Something's got to give

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At first glance, there aren't a lot of similarities between the life of a luminous film star who was gone too soon and our reigning Prince of Darkness, who can't be gone soon enough. One overcame tremendous obstacles in her determined quest for admiration and remains an object of fascination half a century after her death. The other was equally hungry for attention, but possessed very little to attract it beyond the fortune he inherited from his father and an ego that transformed his pathetic neediness into a driving life force.

A casual remark by one of the men who worked with Marilyn Monroe indicated that they probably shared another trait that, while individually tragic in a troubled movie star whose memory is preserved on flickering strips of film, is potentially catastrophic in a man who has unimpeded access to things like nuclear codes.

During the last century, there were few people from any sector of life who was more analyzed, mythologized, dissected, or speculated upon than Monroe. She survived a rootless childhood marked by emotional deprivation and loneliness. Her early death is often attributed to the intense physical and emotional exploitation she experienced in one of the most fiercely competitive businesses in the world. But, in many ways, Marilyn was her own worst enemy.

She was a peerless comedienne, in a league that included Irene Dunne and Jean Arthur, but she wanted to be regarded as something much more than that. She remained a top box-office draw throughout the 1950s, mostly in movies she felt were unworthy of her talent. The inevitable encroachment of middle age in a pitiless industry that idolized youth and beauty only added to the erratic personal behavior that had already entered the realm of epic.

Otto Preminger, who coped with her insecurity through the rigorous physical demands of "River of No Return," later blamed her problems on the "s**t-ass" acting classes she had taken in New York. Billy Wilder said the he deserved a Purple Heart for enduring her conduct during the filming of "Some Like It Hot" and her co-star in the movie, Tony Curtis, said that Monroe was the only person he ever met in Hollywood he genuinely disliked.

From a professional standpoint, Monroe wasn't easy to like. The breathtaking blond with the charmingly wispy voice was pretty much a manufactured product. She was obsessed with managing that celluloid image down to the smallest detail. It wasn't unusual for her to require 50 separate takes to utter a single, relatively simple line of dialog. As Wilder pointed out, however, while Marilyn got better with each take, other actors just wilted and budgets ballooned.

Wilder, the multi-Oscared director of "Sunset Boulevard" and "The Apartment" begrudgingly conceded "everything was worth it when you saw her up on the screen."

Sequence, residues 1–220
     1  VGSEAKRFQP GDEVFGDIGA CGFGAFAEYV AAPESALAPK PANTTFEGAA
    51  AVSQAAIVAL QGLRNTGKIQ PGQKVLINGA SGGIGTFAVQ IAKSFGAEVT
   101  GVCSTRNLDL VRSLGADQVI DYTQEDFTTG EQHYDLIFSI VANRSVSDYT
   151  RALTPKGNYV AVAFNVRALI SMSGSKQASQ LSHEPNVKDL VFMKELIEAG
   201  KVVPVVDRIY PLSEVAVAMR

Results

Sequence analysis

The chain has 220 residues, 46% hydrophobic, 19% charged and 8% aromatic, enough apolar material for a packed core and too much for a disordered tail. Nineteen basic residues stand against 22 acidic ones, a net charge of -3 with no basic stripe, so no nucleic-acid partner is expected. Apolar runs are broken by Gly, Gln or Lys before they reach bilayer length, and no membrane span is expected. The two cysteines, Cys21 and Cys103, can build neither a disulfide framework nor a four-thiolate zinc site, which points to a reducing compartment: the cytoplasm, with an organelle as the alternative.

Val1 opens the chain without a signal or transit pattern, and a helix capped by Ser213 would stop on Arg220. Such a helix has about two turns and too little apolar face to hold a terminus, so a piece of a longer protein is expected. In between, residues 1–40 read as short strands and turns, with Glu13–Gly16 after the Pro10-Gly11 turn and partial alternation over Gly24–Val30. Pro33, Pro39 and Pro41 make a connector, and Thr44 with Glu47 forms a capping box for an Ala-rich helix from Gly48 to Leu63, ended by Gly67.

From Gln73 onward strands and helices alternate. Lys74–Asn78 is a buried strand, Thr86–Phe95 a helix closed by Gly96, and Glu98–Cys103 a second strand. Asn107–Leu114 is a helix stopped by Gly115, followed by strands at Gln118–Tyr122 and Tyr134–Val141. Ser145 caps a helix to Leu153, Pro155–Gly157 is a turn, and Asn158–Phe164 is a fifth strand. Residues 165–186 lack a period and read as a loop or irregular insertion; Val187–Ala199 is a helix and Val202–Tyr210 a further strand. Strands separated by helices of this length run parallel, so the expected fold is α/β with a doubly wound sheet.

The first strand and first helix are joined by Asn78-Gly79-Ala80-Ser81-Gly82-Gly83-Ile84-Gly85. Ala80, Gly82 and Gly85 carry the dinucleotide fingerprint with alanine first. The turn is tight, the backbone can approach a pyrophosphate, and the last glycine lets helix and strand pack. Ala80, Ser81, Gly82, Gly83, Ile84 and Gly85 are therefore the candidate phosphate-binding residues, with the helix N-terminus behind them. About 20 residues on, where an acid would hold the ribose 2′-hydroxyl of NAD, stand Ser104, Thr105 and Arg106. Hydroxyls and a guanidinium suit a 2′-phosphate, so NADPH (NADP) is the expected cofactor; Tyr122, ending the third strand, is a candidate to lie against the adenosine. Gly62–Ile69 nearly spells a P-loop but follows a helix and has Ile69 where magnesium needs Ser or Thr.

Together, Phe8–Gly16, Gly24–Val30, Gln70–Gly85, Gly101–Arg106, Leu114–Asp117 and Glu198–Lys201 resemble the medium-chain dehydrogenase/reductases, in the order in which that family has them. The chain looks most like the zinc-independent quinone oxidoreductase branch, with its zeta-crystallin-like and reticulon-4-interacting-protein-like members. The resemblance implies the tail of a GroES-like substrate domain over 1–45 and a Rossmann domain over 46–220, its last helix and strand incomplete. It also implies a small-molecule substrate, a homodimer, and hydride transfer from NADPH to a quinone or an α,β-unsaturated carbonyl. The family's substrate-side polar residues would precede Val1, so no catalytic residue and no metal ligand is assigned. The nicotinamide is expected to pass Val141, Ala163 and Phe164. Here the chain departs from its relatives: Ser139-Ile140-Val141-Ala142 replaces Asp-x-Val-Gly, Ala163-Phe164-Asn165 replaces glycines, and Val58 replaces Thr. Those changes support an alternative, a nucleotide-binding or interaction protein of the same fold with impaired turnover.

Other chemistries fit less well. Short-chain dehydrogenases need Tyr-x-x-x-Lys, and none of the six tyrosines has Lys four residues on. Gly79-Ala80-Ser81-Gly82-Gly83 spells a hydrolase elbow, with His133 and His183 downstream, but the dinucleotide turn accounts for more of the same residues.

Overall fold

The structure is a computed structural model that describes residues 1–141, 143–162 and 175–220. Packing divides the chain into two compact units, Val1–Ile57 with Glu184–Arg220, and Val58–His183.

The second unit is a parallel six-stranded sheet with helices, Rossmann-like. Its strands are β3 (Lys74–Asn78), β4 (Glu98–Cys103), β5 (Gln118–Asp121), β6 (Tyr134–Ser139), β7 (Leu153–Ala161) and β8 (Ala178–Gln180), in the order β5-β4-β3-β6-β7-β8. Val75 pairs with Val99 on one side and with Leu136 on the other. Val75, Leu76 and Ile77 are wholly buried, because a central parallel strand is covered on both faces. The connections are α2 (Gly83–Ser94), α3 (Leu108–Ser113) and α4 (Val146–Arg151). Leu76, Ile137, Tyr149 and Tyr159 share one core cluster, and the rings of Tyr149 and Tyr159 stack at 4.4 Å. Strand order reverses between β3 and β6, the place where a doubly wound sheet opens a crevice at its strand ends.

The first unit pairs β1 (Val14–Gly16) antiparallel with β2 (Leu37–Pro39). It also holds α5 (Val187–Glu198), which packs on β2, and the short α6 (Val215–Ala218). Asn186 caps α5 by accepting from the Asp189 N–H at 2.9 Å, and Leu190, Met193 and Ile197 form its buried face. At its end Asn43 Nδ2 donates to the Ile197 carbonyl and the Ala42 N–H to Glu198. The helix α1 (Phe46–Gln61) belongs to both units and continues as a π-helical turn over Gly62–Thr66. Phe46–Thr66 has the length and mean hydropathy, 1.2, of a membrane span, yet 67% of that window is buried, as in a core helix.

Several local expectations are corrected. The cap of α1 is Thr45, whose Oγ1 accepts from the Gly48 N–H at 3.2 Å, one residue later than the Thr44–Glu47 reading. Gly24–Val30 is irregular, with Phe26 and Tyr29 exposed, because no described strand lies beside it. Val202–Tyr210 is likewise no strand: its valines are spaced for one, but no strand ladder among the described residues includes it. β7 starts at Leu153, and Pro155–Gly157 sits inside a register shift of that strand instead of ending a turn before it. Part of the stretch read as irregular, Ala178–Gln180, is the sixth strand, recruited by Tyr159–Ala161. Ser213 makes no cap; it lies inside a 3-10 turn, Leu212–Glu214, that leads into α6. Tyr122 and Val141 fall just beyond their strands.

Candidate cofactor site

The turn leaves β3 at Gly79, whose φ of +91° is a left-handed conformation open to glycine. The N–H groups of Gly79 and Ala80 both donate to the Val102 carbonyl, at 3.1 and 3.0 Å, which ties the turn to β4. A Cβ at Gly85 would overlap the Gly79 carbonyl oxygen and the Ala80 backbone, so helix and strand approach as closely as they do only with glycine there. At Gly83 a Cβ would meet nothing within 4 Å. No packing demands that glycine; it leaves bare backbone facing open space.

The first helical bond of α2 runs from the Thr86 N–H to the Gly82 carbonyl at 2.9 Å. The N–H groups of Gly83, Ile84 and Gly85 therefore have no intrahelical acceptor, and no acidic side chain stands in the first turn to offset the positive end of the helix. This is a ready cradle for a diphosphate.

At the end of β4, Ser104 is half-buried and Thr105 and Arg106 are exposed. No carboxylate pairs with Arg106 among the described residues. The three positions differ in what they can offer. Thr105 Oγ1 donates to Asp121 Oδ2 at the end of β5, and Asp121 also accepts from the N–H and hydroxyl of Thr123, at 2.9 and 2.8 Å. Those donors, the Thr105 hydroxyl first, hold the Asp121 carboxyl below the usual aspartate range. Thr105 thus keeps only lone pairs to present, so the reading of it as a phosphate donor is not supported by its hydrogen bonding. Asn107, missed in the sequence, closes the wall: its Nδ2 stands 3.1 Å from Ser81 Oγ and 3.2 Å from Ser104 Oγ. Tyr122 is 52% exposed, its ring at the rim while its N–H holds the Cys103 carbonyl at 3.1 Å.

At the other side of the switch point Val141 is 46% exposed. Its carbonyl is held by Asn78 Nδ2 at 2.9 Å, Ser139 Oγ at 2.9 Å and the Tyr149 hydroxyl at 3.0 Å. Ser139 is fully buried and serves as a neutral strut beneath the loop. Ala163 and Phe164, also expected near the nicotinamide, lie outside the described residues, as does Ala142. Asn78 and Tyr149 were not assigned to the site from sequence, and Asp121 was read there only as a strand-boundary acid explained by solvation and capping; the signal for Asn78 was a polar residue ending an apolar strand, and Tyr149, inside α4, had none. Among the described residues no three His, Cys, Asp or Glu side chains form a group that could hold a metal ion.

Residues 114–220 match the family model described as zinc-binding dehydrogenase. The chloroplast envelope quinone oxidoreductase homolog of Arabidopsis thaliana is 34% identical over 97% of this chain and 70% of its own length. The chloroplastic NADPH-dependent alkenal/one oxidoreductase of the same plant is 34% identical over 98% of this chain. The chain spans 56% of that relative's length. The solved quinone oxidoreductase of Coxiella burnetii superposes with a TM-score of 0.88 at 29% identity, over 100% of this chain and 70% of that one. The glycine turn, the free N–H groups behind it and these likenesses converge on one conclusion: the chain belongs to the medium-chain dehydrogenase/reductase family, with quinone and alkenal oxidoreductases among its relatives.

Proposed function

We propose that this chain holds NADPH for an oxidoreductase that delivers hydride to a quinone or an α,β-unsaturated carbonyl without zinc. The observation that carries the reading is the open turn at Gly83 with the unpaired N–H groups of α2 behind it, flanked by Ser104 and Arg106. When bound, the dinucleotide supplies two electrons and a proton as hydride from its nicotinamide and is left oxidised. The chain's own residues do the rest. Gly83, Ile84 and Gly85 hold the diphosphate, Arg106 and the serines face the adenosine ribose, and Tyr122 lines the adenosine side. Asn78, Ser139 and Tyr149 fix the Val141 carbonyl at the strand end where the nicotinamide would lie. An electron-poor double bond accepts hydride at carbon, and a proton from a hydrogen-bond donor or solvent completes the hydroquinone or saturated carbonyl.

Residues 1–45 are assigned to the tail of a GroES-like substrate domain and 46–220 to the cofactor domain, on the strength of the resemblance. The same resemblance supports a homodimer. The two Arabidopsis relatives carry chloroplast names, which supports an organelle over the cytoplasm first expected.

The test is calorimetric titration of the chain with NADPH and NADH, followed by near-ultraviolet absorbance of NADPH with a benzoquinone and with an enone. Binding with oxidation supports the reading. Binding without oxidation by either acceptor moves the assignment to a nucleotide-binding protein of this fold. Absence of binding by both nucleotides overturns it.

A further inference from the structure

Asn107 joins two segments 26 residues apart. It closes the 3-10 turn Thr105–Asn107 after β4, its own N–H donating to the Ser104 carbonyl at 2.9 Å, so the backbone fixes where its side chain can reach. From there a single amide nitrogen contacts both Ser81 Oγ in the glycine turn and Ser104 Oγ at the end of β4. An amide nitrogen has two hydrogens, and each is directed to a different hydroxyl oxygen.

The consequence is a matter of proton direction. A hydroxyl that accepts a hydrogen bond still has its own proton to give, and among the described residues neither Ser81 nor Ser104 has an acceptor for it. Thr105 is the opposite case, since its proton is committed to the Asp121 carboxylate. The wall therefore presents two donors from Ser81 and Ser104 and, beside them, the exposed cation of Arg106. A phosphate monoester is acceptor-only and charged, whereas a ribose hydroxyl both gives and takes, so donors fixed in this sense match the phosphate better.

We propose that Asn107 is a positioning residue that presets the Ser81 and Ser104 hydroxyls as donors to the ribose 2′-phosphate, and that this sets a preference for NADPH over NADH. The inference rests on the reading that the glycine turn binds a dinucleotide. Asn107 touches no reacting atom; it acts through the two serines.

Perhaps as a means of self-protection, Monroe managed to detach her own personality from that of the movie goddess. Spotting reporters lurking outside of her New York apartment, she asked a walking companion, "Want to see me be her?"

Since her death at the age of 36 in 1962, there have been countless attempts to explain the psyche that both propelled and doomed Monroe. Hundreds of books have been written about her by authors ranging from unabashed hacks to Norman Mailer. Arthur Miller, her third husband, attempted to exorcise her ghost in "After the Fall" with little success. Michelle Williams won an Oscar nomination for her perceptive performance as the actress in "My Week With Marilyn" in 2011.

George Cukor offered a brief opinion of Monroe to author Gavin Lambert in his book, "On Cukor." The celebrated director had worked with many of the great film actresses, including ten movies with Katharine Hepburn, three with Joan Crawford, and two with Greta Garbo. He worked with Monroe on a silly trifle called "Let's Make Love" and reluctantly agreed to direct her last picture, prophetically titled "Something's Got to Give," from which Monroe was eventually fired after 20th Century Fox executives concluded that the studio could not afford her endless absences and the elephantine costs of completing "Cleopatra" in Rome.

Cukor's short - and some might say brutal - assessment has always had more resonance with me than any of the long-winded attempts to explain the demons that haunted her. According to Lambert, he shrugged his shoulders in a helpless sort of way and said simply, "She was crazy."

I think that Mr. Trump will probably be the subject of hundreds of attempts to delve into the mind that we witness unspooling day after day. And perhaps someone who had much closer access to the man will make the same succinct remark about him. Trump has not demonstrated much behavior to avoid the inevitability of such a conclusion.

The completed scenes of "Something's Got to Give" have been reassembled over fifty years after it was abandoned into a coherent half a movie. One can only hope that there is enough of our country left after the callous and cruel assaults by Mr. Trump and his Republican cohorts to recognize the America that once was a beacon of hope to the entire world.

Alden Graves is a regular Banner columnist.


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